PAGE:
In The Ballad of Buster Scruggs, the Coen Brothers Tease Out Western Absurdities 

click to enlarge Tom Waits plays a prospector on the hunt for gold in The Ballad of Buster Scruggs.

NETFLIX

Tom Waits plays a prospector on the hunt for gold in The Ballad of Buster Scruggs.

Joel and Ethan Coen are nothing if not willfully, gleefully eclectic, whether they're recreating film noir in a Texas border town or a Los Angeles bowling alley, rewriting the Odyssey as a Depression-era comedy set in the South, rewriting it a second time as a drama set in the early 1960s folk scene or simply letting Nicolas Cage run loose as a wild-haired human reincarnation of Wile E. Coyote. They're satirists but have an unusual gift for hiding their comic point of view behind a misleadingly sober veneer.

With The Ballad of Buster Scruggs, the Coens return to the Western, a genre they last explored with the somewhat underrated True Grit, their lyrical adaptation of the Charles Portis novel. Buster Scruggs was originally announced as an anthology series for Netflix, but in true Coen style, they've packed the entire thing into a single film, a six-episode anthology of Western stories in a variety of emotional tones: grim, comic, thoughtful and bitter.

Anthology films tend to be a risky proposition, resting on arbitrary sequencing rather than a straightforward narrative, and are often hampered by the simple fact that the segments may not be equal in appeal. Buster Scruggs draws a luckier hand than most. There's no particular dramatic order at play (the first two episodes are brief and comic, the remaining four considerably less so), but the six episodes, tied together by the pages of an illustrated book of Western stories, unite to form a multi-faceted portrait of life in the unruly frontier.

Although the literary framing device reminds us that the American West was almost always as much a collective fiction as a real place, the Coen's West is not the dime-novel world of clean-living, straight-shooting heroes and rough-edged but likable villains. Those stereotypes are tossed into the boneyard in the first two segments. One is a slight shaggy-dog story with James Franco as an unsuccessful bank robber, and the other is the film's prologue, in which the titular Buster Scruggs (Tim Blake Nelson), an insufferable white-suited singing cowboy, wreaks havoc with a Looney Tunes ferocity that recalls Raising Arizona (only bloodier).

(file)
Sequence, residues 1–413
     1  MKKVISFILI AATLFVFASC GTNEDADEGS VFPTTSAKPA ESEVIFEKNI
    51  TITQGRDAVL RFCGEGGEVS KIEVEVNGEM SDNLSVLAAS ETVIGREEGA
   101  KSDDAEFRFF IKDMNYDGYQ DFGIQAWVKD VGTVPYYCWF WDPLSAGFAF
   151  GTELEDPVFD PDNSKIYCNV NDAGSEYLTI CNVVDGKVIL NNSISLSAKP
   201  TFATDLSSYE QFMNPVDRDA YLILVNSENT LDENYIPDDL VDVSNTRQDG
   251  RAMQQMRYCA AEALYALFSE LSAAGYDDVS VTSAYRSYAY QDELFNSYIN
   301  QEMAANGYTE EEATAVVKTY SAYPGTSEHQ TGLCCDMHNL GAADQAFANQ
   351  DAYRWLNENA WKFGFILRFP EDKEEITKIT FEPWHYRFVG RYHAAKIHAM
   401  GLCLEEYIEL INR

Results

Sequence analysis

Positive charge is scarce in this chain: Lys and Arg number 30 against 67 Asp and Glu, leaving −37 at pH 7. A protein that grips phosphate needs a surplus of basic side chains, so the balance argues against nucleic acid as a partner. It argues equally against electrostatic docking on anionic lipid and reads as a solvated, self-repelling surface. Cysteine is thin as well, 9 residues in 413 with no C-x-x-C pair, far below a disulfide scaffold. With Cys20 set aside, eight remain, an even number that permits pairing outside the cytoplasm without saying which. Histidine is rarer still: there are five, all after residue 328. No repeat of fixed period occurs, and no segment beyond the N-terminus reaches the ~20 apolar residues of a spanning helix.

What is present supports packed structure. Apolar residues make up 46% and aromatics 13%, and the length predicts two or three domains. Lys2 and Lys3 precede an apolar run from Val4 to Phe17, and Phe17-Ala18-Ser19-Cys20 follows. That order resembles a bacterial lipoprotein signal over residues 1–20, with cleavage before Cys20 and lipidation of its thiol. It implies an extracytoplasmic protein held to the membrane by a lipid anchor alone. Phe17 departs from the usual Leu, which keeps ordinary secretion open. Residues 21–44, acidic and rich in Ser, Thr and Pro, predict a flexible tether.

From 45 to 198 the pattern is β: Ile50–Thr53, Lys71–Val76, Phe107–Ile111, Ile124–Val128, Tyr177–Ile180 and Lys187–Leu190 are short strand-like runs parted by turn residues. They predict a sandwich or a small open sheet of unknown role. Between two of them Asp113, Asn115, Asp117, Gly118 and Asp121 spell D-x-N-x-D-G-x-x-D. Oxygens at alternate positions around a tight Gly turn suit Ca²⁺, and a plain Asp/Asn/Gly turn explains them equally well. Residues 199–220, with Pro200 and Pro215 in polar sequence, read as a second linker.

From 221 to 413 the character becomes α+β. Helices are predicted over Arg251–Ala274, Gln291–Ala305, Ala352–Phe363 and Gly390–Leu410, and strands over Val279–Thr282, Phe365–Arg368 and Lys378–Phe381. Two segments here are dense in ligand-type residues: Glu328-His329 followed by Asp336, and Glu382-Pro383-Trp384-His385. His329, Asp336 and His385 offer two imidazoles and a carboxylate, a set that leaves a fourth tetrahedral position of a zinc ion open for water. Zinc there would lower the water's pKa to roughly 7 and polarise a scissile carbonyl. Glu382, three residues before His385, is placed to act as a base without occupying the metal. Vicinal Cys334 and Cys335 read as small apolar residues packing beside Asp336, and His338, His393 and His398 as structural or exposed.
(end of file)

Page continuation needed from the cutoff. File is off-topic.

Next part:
With pulp heroes and villains so easily cast aside, the remaining episodes take their cues from nineteenth-century writers such as Bret Harte. They are stories of ordinary people facing the struggles of the West with nary a Randolph Scott or Glenn Ford in sight. It's an unusual assortment: A bilateral amputee, accompanied only by his unscrupulous manager (Liam Neeson), shares his oratory skills with settlers for the cost of a few coins. An old prospector (Tom Waits, in an inspired performance that earns him the "Grizzled Old Man" crown last held by Harry Dean Stanton) spends solitary weeks digging holes, panning gold samples and muttering to himself. A young woman (Zoe Kazan) finds herself alone without family or prospects on the Oregon Trail. A group of people from markedly different social positions — including a proud matron (Tyne Daly), a trapper and a pair of bounty hunters — discuss morality and the nature of humanity in an uncomfortable stagecoach ride that recalls what might have happened in John Ford's 1939 film if John Wayne hadn't arrived to shake things up.

Beautifully photographed by Bruno Delbonnel (this is the first Coen film to use digital photography) and scored by longtime collaborator Carter Burwell, Buster Scruggs nods to a few familiar generic models but doesn't subscribe to any of them. It's not the revisionist West of Peckinpah, nor does it aim for a post-historic reading of the wilderness-vs.-civilization account of Western Expansion.

It is also, in spite of its comic moments, a very dark vision. What gives the film a subtle depth and weaves the six episodes together is the Coen's perception that, when you strip away the fancy six-guns and the reputations as embroidered as the shirts of the men holding them, the Western has, to borrow a famous description from Sergio Leone, "something to do with death." Mortality dominates all but one of the episodes, and even that exception (the story of the prospector) is far from a walk in the spring rain. Death is a constant presence, rarely more than a few steps away, and several episodes feel as if they're just a plot twist away from turning into ghost stories.

And yet, despite the encroaching sense of mortality, Buster Scruggs isn't morbid or even — for the most part — callously dark-humored. Life can be harsh, unfair and even vicious, but the filmmakers never lose their bemused respect for its many forms. As we've come to expect from the Coens, their version of the cruel and arduous West is tempered by a generous but constantly absurdist view of humanity, of characters who act less from reason than from instinct (and often very bad instinct at that).

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